Echinococcosis is a parasitic disease caused by infection with tiny tapeworms of the genus Echinocococcus. The infection behaves as a slow-growing malignant tumor. Initially, it is located in the liver and then may spread to any other organ through metastases. Without appropriate therapeutic management, the infection is lethal.
The infection behaves as a slow-growing malignant tumor. Initially, it is located in the liver and then may spread to any other organ through metastases. Without appropriate therapeutic management, the infection is lethal. A number of herbivorous and omnivorous animals act as intermediate hosts of echinococcus. This means they get infected by ingesting the parasite eggs in the contaminated ground and develop parasitic larval stages in their viscera.
Human infection with E. granulosus leads to the development of one or more hydatids located mainly in the liver and lungs, and less frequently in the bones, kidneys, spleen, muscles, central nervous system and eyes. The asymptomatic incubation period of the disease can last many years until hydatid cysts grow to an extent that triggers clinical signs. Non-specific signs include anorexia, weight loss and weakness. Other signs depend on the location of the hydatid(s) and the pressure exerted on the surrounding tissues. Abdominal pain, nausea and vomiting are commonly seen when hydatids occur in the liver. If the lung is affected, clinical signs include chronic cough, chest pain and shortness of breath.
Alveolar echinococcosis is characterized by an asymptomatic incubation period of 5–15 years and the slow development of a primary tumour-like lesion which is usually located in the liver. Clinical signs include weight loss, abdominal pain, general malaise and signs of hepatic failure. Alveolar echinococcosis occurs only in the northern hemisphere, in geographically limited foci (endemic areas) of west-central Europe, Turkey, most areas of the former Soviet Union, Iran, Iraq, western and central China, and northern Japan (Hokkaido Island). The survival rate at 5 years in untreated patients averages 40%. Therapeutic approaches that have been developed since the early 1980s have markedly improved the prognosis of the disease. The actuarial survival rate at 5 years was 88% in a series of 80 patients observed from 1983-1993. The typical age at onset is 55 years. In endemic areas in Europe, the male-to-female ratio is approximately equal.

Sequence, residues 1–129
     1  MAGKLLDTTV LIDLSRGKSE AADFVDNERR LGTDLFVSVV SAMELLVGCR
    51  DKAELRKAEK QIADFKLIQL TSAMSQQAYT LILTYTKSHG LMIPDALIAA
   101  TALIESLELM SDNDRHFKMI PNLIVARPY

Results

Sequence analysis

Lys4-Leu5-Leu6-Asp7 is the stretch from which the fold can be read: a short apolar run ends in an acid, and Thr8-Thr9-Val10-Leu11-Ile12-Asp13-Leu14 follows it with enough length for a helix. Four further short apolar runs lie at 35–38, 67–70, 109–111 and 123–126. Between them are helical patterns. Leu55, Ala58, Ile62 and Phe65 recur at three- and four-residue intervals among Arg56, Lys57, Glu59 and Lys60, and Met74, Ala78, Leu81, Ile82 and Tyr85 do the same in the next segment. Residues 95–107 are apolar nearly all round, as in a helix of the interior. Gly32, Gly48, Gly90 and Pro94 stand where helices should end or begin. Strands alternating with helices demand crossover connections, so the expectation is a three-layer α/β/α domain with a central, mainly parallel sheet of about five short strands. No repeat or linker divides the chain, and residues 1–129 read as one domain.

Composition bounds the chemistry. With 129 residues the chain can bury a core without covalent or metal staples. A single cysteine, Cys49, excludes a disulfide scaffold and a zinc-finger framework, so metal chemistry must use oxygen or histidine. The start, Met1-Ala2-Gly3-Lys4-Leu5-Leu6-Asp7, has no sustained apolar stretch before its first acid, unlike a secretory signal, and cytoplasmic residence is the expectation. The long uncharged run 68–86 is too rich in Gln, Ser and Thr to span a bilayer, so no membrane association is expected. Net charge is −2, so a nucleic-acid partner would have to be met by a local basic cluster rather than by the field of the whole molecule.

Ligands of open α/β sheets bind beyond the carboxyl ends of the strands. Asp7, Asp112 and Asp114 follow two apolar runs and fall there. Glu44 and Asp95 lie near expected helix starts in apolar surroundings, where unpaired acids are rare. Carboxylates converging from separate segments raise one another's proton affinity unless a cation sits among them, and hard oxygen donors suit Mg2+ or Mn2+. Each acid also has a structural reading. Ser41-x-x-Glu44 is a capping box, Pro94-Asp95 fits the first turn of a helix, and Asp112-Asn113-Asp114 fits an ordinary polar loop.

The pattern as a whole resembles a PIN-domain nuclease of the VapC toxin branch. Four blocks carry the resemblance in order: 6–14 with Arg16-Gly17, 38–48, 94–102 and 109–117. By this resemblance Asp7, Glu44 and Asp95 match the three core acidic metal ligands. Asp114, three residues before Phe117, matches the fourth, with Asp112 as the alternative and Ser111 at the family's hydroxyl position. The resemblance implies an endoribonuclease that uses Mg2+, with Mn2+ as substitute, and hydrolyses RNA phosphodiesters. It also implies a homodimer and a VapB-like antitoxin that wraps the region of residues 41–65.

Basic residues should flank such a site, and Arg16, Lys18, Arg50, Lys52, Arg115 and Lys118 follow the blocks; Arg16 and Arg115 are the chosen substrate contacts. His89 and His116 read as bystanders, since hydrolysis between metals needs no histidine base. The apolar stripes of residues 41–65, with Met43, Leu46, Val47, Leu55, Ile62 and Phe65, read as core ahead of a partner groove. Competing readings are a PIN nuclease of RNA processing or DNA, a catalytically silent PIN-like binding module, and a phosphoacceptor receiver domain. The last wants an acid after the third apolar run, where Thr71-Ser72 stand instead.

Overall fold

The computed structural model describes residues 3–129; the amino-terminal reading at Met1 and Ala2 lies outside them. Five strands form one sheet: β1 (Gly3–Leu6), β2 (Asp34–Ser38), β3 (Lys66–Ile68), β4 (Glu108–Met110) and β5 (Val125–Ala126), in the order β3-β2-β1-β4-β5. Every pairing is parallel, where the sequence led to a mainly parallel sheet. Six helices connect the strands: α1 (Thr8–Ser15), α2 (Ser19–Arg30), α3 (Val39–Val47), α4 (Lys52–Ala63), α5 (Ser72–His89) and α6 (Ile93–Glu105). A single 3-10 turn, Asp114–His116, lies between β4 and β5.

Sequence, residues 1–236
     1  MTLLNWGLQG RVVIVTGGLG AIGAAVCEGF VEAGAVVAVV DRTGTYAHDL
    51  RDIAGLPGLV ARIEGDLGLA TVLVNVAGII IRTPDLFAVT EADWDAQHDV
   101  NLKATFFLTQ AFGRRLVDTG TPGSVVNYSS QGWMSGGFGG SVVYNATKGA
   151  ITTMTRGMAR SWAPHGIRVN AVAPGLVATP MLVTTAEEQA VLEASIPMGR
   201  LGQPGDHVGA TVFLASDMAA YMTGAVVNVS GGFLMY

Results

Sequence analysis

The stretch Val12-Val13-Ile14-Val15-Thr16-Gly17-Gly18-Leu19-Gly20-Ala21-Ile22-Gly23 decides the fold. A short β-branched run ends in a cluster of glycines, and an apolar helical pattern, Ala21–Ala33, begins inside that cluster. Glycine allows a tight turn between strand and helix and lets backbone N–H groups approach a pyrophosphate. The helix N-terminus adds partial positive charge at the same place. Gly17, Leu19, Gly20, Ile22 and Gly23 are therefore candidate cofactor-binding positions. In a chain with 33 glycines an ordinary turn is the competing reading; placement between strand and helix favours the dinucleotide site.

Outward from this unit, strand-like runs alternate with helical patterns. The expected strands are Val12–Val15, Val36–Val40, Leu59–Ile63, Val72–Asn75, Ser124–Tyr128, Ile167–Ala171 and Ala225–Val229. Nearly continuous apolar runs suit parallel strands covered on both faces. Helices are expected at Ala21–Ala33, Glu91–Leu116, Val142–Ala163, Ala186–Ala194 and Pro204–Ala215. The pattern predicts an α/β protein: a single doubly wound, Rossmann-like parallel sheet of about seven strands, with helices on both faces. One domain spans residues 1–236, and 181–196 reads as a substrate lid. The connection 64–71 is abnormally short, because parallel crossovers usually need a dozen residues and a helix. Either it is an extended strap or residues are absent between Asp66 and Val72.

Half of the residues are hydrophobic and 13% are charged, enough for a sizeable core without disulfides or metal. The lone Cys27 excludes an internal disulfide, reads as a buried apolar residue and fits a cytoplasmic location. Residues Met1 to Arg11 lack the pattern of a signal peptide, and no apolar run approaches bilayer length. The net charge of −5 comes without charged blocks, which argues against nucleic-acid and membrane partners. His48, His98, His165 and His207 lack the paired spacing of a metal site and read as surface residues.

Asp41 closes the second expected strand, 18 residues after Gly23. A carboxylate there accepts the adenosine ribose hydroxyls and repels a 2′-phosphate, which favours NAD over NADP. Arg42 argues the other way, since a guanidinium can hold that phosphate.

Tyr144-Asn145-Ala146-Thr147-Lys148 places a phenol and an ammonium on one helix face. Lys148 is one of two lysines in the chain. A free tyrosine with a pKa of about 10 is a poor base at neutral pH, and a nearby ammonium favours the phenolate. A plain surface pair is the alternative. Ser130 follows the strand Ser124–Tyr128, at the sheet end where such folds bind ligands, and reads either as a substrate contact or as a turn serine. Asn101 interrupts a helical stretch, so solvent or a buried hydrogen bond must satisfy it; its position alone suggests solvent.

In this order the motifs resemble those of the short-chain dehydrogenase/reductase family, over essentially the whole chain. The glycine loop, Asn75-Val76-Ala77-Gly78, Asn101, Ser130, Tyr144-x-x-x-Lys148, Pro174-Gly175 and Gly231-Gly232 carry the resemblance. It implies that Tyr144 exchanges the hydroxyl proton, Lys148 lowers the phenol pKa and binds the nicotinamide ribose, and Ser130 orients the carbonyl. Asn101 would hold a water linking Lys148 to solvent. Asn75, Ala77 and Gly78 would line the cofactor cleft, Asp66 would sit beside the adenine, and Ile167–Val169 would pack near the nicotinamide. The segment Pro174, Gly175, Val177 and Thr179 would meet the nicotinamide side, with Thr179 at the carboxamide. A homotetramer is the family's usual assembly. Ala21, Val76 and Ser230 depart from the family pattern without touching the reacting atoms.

The basic medical treatment is chemotherapy with benzimidazoles (eg, mebendazole, albendazole) at high doses. For simple cases of cystic echinococcosis, the most common form of treatment is open surgical removal of the cysts combined with chemotherapy using albendazole and/or mebendazole before and after surgery. For alveolar echinococcosis, surgical removal of cysts combined with chemotherapy for up to two years after surgery is the only sure way to completely cure the disease.